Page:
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Toiling over Toll Lanes

Residents express doubts about proposed $4 billion project.

Long commute?

The Washington, D.C. area ranks third worst in the country in traffic congestion among major metropolitan areas, according to the Maryland State Highway Administration, in spite of ranking first in telecommuting and carpooling and second in transportation infrastructure.

That disparity was part of the impetus behind a study by State Highway Administration and Maryland Department of Transportation planners to add express toll lanes to the Capital Beltway on most of its 42 miles in Maryland — from the American Legion Bridge to the Woodrow Wilson Bridge.

The study, now several years underway, grew out of an earlier proposal to add one High Occupancy Vehicle lane on the same stretch. That project originated in the early 1990s.

State Highway Senior Project Manager Sue Rajan presented the current plans to local officials and citizens at an April 18 meeting of the Transportation Committee of the Western Montgomery County Citizens Advisory Board in Glen Echo.

Rajan said the project would cost more than $4 billion and remains in the "detailed study" phase, with three proposed alternatives on the table and construction at least seven years off.

The state is considering two alternatives that would include adding a new lane to both sides of the Beltway, as well as the no-build alternative, which would leave the road as it is.

Under one plan, both the new lane and an existing free lane would become express toll lanes, charging drivers a variable fee to access them and bypass heavier traffic in the free lanes. A second plan would add a toll lane while keeping all of the existing free lanes intact.

Many questions about the toll lanes remain unresolved, including the amount of the tolls and whether they would vary based on fixed schedules, with the tolls being higher during peak travel hours, or on a real-time basis, with the tolls increasing in proportion to traffic congestion regardless of the time of day.

The tolls would be collected by an all-electronic system of overhead sensors similar to the existing EZ-Pass tollbooth technology.

Virginia is studying adding two High Occupancy Toll lanes on its side of the Beltway. That proposal would allow carpoolers to use the lanes for free while solo drivers would have to pay a toll. But Maryland’s plan would charge each car regardless of the number of occupants.

Current plans call for a final recommendation on one of the options, including detailed environmental study and location approval in fall, 2006.

COMMUNITY MEMBERS have raised concerns that Maryland’s toll lanes do not encourage carpooling, that the construction would be disruptive to residents near the Beltway, and that it would be unfair to start charging for an existing free lane paid for by taxpayers, as proposed under one of the options.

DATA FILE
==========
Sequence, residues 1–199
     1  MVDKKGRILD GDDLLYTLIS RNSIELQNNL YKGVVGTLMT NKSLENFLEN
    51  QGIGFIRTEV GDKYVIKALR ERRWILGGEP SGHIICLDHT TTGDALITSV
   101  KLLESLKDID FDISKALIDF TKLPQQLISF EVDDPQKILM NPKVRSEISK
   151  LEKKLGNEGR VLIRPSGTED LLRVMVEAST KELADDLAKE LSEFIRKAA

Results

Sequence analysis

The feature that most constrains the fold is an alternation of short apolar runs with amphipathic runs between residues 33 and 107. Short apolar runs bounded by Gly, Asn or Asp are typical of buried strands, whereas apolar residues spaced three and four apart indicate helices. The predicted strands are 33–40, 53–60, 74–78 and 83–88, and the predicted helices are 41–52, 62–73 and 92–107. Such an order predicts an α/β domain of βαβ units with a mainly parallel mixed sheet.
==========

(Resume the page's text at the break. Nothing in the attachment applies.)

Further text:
But planners say that the current Beltway traffic is untenable and likely to worsen and that the revenue generated by the all-toll express lanes is needed to subsidize the needed but expensive improvement. Allowing high occupancy vehicles to use the lanes for free would be nearly impossible because of the difficulty of enforcing the tolls for some drivers while allowing carpools to pass, Rajan said, although several proposals for combination toll-carpool lanes are progressing in Virginia.

The tolls would help fund the construction of the new lanes but would not fully cover the cost, which would be made up with bonds. The construction funding would likely come from both the state and federal government, but the exact source remains unclear. So far, only the planning study has been funded.

“If we’re at E/F, why are we going to do something that’s just going to get us to level D or level E, probably for a short period of time?” Advisory Board Transportation Committee member David Smith asked Rajan, referring to level-of-service ratings used by traffic planners, with A being the best and F the worst.

“We are hoping that it is a long period of time,” Rajan said. “We are hoping that by some of the traffic moving into the toll lanes, the free lanes will also move, but still there is going to be congestion in the free lanes.”

Another concern, raised by Advisor Board Chair Alan Freeman was that “this would allow the wealthy to move quickly and those that don’t have as much in their pocket to toil in congestion.”

Rajan said that studies of High Occupancy Toll lane users in California show that many drivers use the lanes when they are in a particular rush without relying on them on a daily basis.

EITHER of the building options would require displacing residents in four locations and would include the replacement of sound barriers along the Beltway sections where they currently exist and the installation of stormwater management ponds and numerous locations. The stormwater controls would be built to handle 100 percent of the runoff from the new lanes and 20 percent of the runoff from existing lanes. Such facilities do not currently exist because they were not required when the Beltway was first constructed.

State Highway is also investigating adding express toll lanes on I-270, the Baltimore Beltway, and a nine-mile section of I-95 north of Baltimore known as Section 100.